Letters Section Editor: Jody W. Zylke, MD, Senior Editor.
Author Affiliations: Medical ICU, Peking Union Medical College Hospital, Beijing, China (email@example.com).
To the Editor: Dr Brunkhorst and colleagues1 demonstrated that, among adult patients with severe sepsis, treatment with combined meropenem and moxifloxacin compared with meropenem alone did not result in less organ failure, as measured by Sequential Organ Failure Assessment scores compared between the 2 groups.
We believe that the study had a flaw in its design. Patients with severe community-acquired pneumonia were included in the study. Because all patients were treated in intensive care units, 50.3% had a community-acquired infection and 40.7% had pneumonia. Treatment of patients with severe community-acquired pneumonia with meropenem monotherapy contrasts with the guideline recommendations. Broad-spectrum coverage in the form of an intravenous macrolide or respiratory fluoroquinolone plus a non–pseudomonal third-generation cephalosporin, a β-lactam inhibitor, or a β-lactamase inhibitor, if Pseudomonas aeruginosa is not an issue, is recommended.2,3 The addition of a macrolide or respiratory fluoroquinolone is aimed at covering atypical pathogens, namely Legionella pneumophilia, Mycoplasma pneumoniae, and Chlamydia pneumoniae. Evidence exists that failure to cover atypical pathogens is associated with treatment failure and even death.4 Therefore, inclusion of patients with severe community-acquired pneumonia in the study might put these patients at risk of inadequate empirical antibiotic therapy against atypical pathogens, which may lead to poor clinical outcomes. As a result, we suggest that a subgroup analysis in patients with severe community-acquired pneumonia is warranted.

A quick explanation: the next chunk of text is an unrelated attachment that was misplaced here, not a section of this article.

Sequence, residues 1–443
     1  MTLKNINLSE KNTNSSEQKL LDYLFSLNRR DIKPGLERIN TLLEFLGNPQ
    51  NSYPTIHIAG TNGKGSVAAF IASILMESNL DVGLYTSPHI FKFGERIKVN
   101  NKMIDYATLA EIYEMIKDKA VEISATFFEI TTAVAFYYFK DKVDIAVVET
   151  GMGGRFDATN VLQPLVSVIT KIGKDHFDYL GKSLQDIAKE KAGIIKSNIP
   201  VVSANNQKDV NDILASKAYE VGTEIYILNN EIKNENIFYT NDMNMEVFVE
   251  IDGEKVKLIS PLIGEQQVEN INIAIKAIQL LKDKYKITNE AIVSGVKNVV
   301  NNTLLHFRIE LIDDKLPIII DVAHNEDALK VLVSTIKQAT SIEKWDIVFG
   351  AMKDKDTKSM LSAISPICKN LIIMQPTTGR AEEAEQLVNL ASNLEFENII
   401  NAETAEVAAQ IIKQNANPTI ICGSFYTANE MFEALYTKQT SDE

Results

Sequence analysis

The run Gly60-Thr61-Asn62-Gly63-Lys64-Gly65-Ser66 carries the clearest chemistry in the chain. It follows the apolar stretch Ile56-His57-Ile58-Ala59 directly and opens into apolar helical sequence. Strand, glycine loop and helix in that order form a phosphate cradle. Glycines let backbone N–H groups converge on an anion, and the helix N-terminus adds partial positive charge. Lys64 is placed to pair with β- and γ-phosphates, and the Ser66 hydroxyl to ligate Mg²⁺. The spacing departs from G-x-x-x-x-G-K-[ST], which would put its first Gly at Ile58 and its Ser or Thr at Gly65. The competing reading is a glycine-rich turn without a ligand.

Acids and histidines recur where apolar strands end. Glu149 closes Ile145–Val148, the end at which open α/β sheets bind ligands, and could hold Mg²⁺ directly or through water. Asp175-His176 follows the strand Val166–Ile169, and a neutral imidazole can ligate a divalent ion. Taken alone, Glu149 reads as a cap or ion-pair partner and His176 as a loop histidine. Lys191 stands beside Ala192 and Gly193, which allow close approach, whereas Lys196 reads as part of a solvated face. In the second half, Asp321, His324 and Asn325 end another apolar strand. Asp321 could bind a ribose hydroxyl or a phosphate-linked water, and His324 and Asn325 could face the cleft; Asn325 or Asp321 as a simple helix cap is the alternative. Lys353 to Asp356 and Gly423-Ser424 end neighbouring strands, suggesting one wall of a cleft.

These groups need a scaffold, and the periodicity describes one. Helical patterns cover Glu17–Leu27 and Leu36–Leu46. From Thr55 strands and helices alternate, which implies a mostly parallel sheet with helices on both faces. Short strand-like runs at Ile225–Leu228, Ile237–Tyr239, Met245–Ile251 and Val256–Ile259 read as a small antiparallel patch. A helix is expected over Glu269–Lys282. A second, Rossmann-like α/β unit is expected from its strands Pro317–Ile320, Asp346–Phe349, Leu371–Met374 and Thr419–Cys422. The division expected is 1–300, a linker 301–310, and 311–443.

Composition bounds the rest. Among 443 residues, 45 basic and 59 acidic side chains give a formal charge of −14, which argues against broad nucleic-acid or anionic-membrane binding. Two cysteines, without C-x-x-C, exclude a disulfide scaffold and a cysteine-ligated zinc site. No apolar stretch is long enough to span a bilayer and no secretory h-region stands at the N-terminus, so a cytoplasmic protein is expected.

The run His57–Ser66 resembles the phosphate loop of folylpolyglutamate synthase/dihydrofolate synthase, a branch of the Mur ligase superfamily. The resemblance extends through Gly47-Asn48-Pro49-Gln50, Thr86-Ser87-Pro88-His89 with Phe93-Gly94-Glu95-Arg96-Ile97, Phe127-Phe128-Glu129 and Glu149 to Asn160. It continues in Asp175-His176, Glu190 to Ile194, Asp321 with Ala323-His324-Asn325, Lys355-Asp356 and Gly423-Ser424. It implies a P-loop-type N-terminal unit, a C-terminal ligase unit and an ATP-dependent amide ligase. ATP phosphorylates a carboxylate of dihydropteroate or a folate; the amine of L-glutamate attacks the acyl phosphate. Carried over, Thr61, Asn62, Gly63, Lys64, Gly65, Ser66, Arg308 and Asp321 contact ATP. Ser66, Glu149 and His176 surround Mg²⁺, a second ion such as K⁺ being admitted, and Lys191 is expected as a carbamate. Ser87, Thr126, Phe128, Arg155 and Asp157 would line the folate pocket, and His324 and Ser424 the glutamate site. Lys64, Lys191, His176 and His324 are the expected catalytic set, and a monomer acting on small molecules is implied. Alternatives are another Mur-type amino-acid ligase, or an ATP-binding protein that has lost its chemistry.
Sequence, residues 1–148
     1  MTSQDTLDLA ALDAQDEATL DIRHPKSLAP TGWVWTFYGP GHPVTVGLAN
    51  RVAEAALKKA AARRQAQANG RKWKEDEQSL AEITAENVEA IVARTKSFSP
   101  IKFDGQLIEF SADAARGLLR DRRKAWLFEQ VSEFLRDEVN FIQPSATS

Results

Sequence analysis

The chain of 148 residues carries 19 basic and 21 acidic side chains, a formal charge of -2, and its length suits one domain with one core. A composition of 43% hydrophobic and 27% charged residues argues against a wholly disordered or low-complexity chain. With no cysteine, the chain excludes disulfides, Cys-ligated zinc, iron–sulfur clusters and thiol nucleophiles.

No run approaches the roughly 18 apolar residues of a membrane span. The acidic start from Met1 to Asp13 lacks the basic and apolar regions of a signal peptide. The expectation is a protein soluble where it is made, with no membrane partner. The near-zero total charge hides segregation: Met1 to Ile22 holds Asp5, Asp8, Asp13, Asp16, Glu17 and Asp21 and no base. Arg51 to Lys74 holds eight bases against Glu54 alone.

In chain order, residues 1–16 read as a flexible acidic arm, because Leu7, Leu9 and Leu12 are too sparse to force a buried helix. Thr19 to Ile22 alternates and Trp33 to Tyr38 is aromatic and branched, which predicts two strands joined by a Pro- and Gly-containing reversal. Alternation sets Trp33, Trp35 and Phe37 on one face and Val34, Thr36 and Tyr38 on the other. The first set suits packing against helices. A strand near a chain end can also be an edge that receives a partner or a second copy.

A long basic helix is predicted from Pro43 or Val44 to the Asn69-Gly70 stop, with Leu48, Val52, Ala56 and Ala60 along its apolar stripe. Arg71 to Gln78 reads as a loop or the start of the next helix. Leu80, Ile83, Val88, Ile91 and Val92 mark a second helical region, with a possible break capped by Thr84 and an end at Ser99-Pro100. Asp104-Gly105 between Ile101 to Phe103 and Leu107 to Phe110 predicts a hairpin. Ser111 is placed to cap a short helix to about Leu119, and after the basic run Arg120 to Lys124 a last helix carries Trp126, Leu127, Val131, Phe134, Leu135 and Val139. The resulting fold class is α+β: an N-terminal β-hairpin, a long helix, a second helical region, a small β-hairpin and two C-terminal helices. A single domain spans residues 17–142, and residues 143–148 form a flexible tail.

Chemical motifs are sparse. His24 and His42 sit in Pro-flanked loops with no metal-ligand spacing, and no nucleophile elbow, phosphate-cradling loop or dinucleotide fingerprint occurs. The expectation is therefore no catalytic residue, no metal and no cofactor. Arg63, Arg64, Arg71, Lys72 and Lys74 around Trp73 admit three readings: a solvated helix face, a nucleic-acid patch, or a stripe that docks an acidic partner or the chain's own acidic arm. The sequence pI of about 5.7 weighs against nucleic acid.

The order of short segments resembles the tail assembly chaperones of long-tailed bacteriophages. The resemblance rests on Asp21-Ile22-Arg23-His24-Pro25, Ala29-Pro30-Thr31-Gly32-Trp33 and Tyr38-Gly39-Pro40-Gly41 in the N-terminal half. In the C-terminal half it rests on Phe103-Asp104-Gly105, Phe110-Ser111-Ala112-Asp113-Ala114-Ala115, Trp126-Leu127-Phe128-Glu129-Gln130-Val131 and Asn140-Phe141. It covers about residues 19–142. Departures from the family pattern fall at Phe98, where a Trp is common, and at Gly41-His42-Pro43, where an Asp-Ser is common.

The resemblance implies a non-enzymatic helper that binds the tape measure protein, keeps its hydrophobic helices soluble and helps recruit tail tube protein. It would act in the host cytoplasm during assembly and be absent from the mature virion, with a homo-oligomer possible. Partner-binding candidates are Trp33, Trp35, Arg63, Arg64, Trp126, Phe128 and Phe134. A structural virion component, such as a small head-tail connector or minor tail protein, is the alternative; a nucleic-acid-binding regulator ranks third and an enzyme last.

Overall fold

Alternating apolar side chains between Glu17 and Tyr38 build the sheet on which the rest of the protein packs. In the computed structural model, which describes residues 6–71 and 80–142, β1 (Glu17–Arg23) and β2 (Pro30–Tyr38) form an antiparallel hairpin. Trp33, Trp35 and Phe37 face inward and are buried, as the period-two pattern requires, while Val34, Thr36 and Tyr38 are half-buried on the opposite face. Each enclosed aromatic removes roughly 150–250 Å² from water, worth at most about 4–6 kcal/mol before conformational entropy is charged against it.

Du B, Hu X, Weng L. Treatment of Sepsis-Related Organ Dysfunction. JAMA. 2012;308(12):1206-1207. doi:10.1001/2012.jama.11265